Bernhardt outlines Interior’s phased return-to-work plan

By Michael Doyle, Scott Streater | 05/26/2020 12:59 PM EDT

Interior Secretary David Bernhardt wears a mask while speaking last week with rangers at Petroglyphs National Monument in New Mexico.

Interior Secretary David Bernhardt wears a mask while speaking last week with rangers at Petroglyphs National Monument in New Mexico. @SecBernhardt/Twitter

Interior Department employees will return to their workplaces in stages that "adapt" to the pace set in individual states, Interior Secretary David Bernhardt said.

In his latest pandemic-related memo to Interior’s approximately 70,000 employees, Bernhardt noted on Friday that states are now "implementing protocols to return to normal operations" that, in turn, will help shape the department’s next steps.

"In general alignment with guidance from governors, each bureau has finalized a plan that will utilize a phased approach as we return employees to the workplace and continue efforts to ensure that access and opportunities across our public lands are fully restored," Bernhardt wrote.

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Bernhardt added that Interior will "expeditiously utilize new and existing hiring authorities that will allow Bureaus to hire the support staff needed to address COVID-19 response and recovery actions."

The Bureau of Land Management, for instance, appears to be moving quickly to reopen in Colorado, where Gov. Jared Polis (D) earlier this month relaxed a stay-at-home order to allow businesses to bring back up to 50% of their staffers to offices.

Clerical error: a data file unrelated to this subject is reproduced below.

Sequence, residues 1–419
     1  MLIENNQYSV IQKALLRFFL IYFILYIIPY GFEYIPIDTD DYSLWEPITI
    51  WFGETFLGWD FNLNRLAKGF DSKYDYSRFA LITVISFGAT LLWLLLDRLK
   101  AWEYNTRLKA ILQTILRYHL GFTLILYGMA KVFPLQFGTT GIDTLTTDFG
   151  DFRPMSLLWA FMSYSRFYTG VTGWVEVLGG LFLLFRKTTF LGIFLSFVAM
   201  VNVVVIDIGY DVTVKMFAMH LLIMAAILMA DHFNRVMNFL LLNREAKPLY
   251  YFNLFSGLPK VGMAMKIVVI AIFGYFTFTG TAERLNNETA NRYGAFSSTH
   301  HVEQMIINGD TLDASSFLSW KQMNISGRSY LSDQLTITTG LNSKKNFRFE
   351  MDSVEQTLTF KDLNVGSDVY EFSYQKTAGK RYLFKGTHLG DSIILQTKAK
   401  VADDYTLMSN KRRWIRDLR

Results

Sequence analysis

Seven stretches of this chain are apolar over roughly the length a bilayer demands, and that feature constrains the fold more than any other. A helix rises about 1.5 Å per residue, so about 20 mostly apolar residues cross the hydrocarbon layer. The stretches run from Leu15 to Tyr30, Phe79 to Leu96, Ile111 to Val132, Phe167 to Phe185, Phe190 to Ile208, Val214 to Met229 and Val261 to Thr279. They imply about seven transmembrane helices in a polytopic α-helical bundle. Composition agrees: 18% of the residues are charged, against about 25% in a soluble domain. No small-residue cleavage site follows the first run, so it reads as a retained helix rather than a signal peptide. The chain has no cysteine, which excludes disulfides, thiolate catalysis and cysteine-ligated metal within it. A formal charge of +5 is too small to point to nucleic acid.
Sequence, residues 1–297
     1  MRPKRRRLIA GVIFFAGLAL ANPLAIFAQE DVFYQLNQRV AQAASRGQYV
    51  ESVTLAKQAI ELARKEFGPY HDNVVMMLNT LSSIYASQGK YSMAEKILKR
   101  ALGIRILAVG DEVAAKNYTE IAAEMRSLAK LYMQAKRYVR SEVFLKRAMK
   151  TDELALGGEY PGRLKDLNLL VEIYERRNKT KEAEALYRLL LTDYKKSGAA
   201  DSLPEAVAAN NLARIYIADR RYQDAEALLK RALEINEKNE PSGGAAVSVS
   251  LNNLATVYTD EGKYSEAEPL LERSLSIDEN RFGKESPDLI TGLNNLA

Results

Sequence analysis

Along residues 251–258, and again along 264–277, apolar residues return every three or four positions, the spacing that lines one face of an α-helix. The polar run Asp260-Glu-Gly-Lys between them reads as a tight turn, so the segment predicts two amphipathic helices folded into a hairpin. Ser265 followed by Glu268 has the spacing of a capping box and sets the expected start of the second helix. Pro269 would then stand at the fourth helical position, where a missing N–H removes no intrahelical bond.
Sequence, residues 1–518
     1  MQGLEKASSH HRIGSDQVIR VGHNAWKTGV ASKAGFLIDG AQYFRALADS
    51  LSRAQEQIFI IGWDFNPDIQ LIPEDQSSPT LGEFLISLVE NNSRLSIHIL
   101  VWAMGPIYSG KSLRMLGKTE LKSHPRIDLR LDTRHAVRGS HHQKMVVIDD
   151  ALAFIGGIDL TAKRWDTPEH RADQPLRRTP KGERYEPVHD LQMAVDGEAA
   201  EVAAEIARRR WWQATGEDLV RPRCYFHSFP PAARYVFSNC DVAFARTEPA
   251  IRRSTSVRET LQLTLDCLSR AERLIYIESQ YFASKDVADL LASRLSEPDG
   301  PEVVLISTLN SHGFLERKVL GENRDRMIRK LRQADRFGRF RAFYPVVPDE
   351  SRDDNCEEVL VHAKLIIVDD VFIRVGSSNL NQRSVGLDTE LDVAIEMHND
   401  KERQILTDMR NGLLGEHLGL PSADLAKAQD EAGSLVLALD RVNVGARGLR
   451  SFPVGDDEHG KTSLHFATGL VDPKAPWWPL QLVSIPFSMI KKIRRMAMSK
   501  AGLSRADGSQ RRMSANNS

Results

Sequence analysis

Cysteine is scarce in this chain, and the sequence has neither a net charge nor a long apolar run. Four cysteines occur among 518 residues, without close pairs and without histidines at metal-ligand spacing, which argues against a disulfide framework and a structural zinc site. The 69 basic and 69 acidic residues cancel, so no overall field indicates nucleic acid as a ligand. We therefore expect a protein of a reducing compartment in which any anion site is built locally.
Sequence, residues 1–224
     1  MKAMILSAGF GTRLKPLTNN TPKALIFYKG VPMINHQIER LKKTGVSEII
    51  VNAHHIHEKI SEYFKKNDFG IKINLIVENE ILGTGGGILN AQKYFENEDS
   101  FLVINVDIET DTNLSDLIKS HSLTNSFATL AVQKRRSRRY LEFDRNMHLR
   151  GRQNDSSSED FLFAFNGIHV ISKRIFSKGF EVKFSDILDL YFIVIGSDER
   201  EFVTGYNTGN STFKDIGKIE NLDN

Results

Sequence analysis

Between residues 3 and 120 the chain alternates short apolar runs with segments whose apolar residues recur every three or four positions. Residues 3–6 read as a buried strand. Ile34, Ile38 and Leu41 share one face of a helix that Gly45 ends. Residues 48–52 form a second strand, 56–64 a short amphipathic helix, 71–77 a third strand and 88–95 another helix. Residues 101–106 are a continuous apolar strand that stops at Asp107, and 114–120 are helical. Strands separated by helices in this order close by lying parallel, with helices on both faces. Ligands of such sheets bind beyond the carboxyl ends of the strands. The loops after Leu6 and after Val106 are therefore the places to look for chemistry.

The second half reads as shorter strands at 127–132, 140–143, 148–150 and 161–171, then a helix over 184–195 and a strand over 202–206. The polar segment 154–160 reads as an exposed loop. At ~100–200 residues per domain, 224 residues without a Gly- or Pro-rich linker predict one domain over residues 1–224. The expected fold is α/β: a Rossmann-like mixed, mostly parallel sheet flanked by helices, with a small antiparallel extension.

Interior employees with BLM and other bureaus have already begun returning in phases to the Denver Federal Center — the largest concentration of federal buildings and agencies outside Washington.

On March 22, Bernhardt directed any of Interior’s employees "not performing or supporting mission essential functions or performing mission critical functions" to telework. The order applied to every region, bureau and office, and all department employees (Greenwire, March 23).

More than 150 national park sites began closing that month with hopes of slowing the spread of the virus, while many activities were canceled or postponed at national wildlife refuges.

"So you’re getting those parks open yet?" President Trump asked Bernhardt at the White House on May 13 (Greenwire, May 14).

"Absolutely," Bernhardt replied, adding that the agency was working with state and local governments to guide decisionmaking.

The White House Office of Management and Budget noted in an April memo that "85% of the Federal workforce is outside the Washington, D.C., area, so agency heads must be cognizant of the phasing status for all states and regions where an agency operates."

Representatives with BLM did not respond to a request today for comment and information about its specific plans for returning to workspaces.

Several sources tracking BLM’s reopening process say the bureau appears to be sincere in following individual state guidance on reopening. Most employees in state offices are still being allowed to telework if they want, the sources said.

In the new memo, Bernhardt said "certain workplace flexibilities, including support for caregivers until schools resume normal operations," will continue.

"Other administrative actions, such as weather and safety leave, will sunset as employees are able to return to their duty stations, while recognizing the continued importance of protecting our vulnerable employees through extended telework and workplace flexibilities," Bernhardt wrote.

Interior has not disclosed how many employees have fallen sick or tested positive for the novel coronavirus that causes the potentially lethal COVID-19 disease.

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